It represents a cost-effective way to meet demand while minimizing downtime for consumer and employee alike. Daily tasks are not put on the back burner when issues arise and any disruption is tackled instantly, with the exact resources and labor-power needed.
Picking a partner
Businesses looking to take advantage of the rewards on offer from switching providers – like improved speed, convenience and freeing up capital – must make sure their new vendor shares their ambition.
This means going beyond just reacting to IT issues but taking a proactive approach to revolutionizing their IT environment.
Dedicated IT providers deliver the skills and capacity to streamline operations for SMEs, making light work of the complex and time-consuming tasks which often hold employees back from their main responsibilities.
For example, modern IT compliance demands are constantly changing and for in-house employees, it can drain their time and leave progressive business projects on the back burner.
Outsourcing these tasks to dedicated IT professionals saves time and frees up employees to fulfill their main responsibilities.
Plus, beyond compliance projects, ambitious businesses will strive to partner with a provider which values genuine innovation and growth.
IT outsourcing often suffers from a reputation as a quick-fix or short-term solution – with providers simply brought in to patch bugs. In reality, modern IT vendors are equipped to collaborate with business in the long-term.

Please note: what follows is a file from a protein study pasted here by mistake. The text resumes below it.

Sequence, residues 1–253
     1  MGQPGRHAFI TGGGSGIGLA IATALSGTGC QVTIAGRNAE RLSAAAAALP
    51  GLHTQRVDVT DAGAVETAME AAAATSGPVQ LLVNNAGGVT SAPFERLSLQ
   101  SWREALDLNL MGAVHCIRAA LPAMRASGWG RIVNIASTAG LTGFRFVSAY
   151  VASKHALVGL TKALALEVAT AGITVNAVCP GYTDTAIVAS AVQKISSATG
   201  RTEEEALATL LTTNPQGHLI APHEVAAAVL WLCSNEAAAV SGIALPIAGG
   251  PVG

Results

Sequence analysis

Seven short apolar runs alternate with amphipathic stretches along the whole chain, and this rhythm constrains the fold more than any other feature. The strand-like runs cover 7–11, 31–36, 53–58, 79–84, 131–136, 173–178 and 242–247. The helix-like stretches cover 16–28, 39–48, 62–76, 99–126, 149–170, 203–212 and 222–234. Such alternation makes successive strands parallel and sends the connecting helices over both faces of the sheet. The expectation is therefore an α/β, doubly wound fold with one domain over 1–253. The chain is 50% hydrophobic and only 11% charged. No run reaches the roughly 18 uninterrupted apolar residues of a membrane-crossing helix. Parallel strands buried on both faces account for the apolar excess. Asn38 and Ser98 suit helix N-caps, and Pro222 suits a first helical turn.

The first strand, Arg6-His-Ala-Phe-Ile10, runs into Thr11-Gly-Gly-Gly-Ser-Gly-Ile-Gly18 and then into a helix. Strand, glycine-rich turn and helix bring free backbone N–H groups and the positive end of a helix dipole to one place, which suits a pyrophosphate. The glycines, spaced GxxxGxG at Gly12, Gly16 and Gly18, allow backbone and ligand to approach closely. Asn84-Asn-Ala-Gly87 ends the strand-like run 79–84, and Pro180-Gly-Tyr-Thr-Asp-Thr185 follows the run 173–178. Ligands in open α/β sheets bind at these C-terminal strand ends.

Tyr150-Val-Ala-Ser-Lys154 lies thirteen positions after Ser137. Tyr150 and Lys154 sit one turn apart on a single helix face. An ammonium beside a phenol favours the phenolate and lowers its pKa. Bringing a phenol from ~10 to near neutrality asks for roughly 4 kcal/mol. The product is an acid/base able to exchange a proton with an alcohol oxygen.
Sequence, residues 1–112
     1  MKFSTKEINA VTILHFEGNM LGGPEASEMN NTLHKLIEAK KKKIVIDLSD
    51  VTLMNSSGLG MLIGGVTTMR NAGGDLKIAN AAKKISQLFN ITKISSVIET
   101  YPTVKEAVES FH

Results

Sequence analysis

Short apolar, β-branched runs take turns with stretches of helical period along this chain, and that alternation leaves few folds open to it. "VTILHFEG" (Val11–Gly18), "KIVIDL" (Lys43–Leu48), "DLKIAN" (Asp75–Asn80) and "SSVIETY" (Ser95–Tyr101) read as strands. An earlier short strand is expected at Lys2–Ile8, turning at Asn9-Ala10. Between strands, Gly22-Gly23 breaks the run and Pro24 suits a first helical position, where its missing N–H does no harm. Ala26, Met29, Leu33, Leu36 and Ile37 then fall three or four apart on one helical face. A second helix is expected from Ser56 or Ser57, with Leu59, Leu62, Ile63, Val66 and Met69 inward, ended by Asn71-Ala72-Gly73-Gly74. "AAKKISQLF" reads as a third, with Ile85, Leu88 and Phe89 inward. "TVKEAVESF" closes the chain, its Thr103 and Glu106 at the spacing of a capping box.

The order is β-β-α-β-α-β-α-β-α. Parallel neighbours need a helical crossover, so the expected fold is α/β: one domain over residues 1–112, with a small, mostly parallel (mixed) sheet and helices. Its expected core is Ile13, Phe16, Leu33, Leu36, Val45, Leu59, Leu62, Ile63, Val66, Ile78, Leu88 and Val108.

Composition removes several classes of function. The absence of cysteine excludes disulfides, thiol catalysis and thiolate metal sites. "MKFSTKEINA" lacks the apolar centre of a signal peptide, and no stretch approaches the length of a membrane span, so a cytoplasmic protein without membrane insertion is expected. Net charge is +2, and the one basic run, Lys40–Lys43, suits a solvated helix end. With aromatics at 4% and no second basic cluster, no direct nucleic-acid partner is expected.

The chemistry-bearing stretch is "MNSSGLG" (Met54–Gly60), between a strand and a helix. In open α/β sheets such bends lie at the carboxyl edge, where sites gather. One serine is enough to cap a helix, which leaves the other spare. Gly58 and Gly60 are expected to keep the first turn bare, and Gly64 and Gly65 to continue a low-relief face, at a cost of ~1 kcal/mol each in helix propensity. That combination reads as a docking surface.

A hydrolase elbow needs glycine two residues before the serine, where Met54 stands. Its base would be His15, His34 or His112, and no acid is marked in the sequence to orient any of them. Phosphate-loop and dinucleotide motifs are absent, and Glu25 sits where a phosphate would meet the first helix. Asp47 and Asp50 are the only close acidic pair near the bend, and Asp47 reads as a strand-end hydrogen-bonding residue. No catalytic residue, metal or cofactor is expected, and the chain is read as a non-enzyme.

Those willing to trust their provider with the time and investment needed to drive their long-term strategy will reap the rewards of unlimited access wider pool of talent and knowledge.
Compared with an in-house team, IT providers offer the specialist skills needed to fuel forward-thinking projects like building out a business’ IT infrastructure and roadmapping for future progression. All this without bearing the costs needed to bring these specialist skills in-house.
The next steps
Regular communication is a must for a seamless switch to a new IT provider. Begin by clearly outlining the terms of the partnership – from standard working hours to additional ad-hoc fees, if necessary.
For example, agreeing to roll out complex or time-consuming updates outside of the business’ operating hours avoids disruption for employees and, crucially, limits the risk of costly downtime for customers.
Initiate communication between the new provider and those currently managing the business’ IT environment. If this is an existing vendor, arrange a call between all parties to discuss ongoing project work and any outstanding tasks.
Those with in-house IT professionals must make sure project work is clearly divided to avoid disruption. Giving teams ownership over each project minimizes the disruption associated with sign-off.
Maintaining regular contact throughout the relationship is also key. Use weekly calls with the provider as a platform for keeping goals aligned, allowing both parties to feedback on project work, adjust timelines, and raise any potential issues before they become full-blown problems.